By John Boyle Herald Columnist
SEATTLE — Eric Wedge will tell you with a straight face — and when Wedge talks with that serious look, eyes bulging, you know the Mariners manager means business — that his team will have, 60-players deep, as talented a roster as any in baseball when spring training starts next month.
While that bodes well for the Mariners long-term future, it won’t mean much in 2013 if the Mariners aren’t strong 25-deep, or even nine-deep for that matter.
By all accounts, the Mariners have a lot of young talent developing in their minor league systems. They appear to be building the right way. But as Seattle’s continually dwindling attendance figures show, you can only sell hope to fans for so long. Eventually, significant progress at the major league level is required, and in the case of the Mariners, eventually means this season.
Now that’s not to say the Mariners have to win a very good American League West for this year to be a success. They shouldn’t rule that out, but after making incremental improvement over the past couple of years, it’s at least time for the Mariners to reward their fans with a winning record; with a team that is relevant enough in August to compete with Seahawks training camp for headlines.
At this time a year ago, general manager Jack Zduriencik was pretty blunt when assessing his team’s chances, admitting, “This is going to be a challenging year at the big league level for us. Let’s not kid ourselves.” Unfortunately, he was right.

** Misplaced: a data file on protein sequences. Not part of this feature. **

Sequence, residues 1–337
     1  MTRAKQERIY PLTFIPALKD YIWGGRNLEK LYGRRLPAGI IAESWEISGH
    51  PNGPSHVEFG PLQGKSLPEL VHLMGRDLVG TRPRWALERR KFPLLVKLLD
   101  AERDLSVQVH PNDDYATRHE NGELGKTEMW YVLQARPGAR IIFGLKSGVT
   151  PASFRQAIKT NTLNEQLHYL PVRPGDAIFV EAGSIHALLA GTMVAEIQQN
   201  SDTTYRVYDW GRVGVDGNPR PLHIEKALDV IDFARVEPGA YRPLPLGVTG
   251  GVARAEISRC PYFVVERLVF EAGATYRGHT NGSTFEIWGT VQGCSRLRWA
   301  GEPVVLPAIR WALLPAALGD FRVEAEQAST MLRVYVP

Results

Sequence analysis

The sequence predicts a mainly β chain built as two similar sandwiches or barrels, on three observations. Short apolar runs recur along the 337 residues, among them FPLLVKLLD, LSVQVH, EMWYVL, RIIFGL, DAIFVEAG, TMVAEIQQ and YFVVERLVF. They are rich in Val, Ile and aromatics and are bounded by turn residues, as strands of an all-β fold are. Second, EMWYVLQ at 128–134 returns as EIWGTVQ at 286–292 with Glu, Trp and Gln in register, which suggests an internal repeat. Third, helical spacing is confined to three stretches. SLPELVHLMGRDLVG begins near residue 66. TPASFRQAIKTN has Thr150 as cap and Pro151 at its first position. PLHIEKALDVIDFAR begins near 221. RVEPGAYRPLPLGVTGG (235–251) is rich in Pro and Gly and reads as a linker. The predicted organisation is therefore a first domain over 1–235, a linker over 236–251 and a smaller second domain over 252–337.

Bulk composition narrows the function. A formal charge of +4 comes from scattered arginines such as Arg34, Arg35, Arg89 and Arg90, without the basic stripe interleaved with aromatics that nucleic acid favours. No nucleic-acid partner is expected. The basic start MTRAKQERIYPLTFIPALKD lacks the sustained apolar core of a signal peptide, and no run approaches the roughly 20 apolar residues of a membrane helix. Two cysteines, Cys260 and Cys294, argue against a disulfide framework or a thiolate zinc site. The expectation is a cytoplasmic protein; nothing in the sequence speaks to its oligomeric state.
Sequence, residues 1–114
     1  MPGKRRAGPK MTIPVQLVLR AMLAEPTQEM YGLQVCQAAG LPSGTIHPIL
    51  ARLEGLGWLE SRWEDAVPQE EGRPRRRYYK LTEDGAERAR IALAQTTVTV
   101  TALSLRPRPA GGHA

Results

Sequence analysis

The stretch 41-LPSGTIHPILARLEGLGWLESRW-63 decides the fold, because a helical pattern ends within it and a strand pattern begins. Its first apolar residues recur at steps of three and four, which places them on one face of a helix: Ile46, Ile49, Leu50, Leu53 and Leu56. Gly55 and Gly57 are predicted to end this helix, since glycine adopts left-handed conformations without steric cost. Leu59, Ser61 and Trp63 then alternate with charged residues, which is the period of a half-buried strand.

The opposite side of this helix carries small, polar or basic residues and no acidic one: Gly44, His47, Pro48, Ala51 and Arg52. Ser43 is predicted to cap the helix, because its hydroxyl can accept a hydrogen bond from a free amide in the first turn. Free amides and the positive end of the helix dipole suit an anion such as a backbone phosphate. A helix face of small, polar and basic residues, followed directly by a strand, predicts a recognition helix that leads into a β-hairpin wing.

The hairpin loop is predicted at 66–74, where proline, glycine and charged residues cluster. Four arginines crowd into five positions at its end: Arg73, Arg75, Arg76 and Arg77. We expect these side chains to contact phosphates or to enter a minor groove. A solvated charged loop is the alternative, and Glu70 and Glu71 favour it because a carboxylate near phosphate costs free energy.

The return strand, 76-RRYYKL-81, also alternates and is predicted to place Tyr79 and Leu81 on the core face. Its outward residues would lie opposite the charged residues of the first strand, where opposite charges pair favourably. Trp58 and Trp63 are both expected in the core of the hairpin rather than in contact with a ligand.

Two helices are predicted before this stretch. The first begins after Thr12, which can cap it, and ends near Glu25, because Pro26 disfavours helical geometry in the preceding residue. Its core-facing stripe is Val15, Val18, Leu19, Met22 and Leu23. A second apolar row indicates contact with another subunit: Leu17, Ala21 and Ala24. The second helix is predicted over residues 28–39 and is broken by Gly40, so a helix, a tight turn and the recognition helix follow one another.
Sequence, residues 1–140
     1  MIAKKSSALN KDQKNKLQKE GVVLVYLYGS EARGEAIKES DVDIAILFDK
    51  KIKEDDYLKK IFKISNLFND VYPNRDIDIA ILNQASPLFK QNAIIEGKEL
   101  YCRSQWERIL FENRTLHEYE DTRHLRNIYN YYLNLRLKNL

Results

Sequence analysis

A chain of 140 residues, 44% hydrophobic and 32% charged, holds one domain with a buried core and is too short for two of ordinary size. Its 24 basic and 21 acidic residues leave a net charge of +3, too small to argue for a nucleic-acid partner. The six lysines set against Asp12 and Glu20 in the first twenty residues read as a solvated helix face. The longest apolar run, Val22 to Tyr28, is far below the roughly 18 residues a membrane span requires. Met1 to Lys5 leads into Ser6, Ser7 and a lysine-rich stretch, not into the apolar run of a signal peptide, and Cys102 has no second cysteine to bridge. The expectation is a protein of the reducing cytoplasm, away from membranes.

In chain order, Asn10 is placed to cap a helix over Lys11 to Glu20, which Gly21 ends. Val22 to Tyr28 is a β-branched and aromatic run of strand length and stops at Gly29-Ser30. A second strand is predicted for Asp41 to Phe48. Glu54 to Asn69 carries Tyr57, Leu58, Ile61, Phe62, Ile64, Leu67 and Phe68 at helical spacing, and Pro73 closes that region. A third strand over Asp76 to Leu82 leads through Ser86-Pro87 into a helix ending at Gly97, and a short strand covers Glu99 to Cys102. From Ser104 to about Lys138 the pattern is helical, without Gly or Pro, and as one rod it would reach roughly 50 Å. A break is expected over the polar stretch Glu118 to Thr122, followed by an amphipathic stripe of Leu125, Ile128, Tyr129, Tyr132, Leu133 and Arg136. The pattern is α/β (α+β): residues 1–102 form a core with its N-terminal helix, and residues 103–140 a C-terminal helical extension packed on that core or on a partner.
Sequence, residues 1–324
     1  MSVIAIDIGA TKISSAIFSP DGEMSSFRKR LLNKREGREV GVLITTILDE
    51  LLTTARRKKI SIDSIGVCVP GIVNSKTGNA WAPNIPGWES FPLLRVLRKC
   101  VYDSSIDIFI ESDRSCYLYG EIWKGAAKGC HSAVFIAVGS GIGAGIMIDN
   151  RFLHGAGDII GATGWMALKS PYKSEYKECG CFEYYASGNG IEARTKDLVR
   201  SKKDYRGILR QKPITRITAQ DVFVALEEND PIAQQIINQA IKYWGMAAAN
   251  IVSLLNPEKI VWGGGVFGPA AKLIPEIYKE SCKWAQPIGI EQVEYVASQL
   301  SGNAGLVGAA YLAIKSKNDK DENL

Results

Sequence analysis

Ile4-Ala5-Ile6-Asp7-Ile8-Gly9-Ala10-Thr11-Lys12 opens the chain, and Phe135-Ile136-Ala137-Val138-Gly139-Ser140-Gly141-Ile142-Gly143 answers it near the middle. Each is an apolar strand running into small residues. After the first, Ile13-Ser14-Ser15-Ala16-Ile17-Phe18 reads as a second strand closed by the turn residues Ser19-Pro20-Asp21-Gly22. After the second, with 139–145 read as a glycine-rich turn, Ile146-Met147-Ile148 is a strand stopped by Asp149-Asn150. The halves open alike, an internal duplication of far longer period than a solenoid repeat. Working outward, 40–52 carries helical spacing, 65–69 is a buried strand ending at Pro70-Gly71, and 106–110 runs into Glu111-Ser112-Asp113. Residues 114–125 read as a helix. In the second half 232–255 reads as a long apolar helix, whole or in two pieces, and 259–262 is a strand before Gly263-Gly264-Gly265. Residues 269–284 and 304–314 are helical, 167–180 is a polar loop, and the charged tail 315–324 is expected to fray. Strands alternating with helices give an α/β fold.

On Tuesday at the team’s annual pre-spring training luncheon, Zduriencik was still realistic, if not slightly more optimistic.
“What I really hopes happens here, and I really hope this happens, is that this is an exciting year for us,” Zduriencik said. “I think this year (can) become a launching pad for people to look at this organization finally and say, they’ve got good young players, they’ve added some nice pieces there, and the players that are on this team, whether it be veteran players or younger players, spread the message through the baseball world, to their colleagues, that this club’s not that far away. An addition here, an addition there, this club could be pretty good.
“I hope we’ve laid the groundwork for that to happen.”
Zduriencik can’t come out and say it, but he inherited a mess when he was hired in 2008, so he deserved time to rebuild the right way. He and the rest of the Mariners’ front office have stayed on what they see as a long-term road to success rather than go for expensive quick fixes.
Or as Wedge puts it, they’ve avoided getting, “back on that merry-go-round like so many clubs and you regress.”
But because the Mariners were very much on that merry-go-round before Zduriencik and Wedge got here, fans’ patience is wearing very thin. Seattle can be a great baseball city, but even the best fans become jaded when the losing seasons start piling up. Will it be great fun if current minor leaguers are leading an AL West juggernaut in 2016? You bet, but there had better be some tangible progress before then.